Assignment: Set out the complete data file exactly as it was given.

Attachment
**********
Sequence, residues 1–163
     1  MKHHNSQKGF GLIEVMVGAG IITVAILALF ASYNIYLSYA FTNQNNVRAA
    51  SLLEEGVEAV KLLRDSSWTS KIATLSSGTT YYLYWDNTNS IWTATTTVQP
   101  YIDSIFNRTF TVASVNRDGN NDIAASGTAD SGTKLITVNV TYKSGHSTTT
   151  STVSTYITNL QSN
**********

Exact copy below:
Sequence, residues 1–163
     1  MKHHNSQKGF GLIEVMVGAG IITVAILALF ASYNIYLSYA FTNQNNVRAA
    51  SLLEEGVEAV KLLRDSSWTS KIATLSSGTT YYLYWDNTNS IWTATTTVQP
   101  YIDSIFNRTF TVASVNRDGN NDIAASGTAD SGTKLITVNV TYKSGHSTTT
   151  STVSTYITNL QSN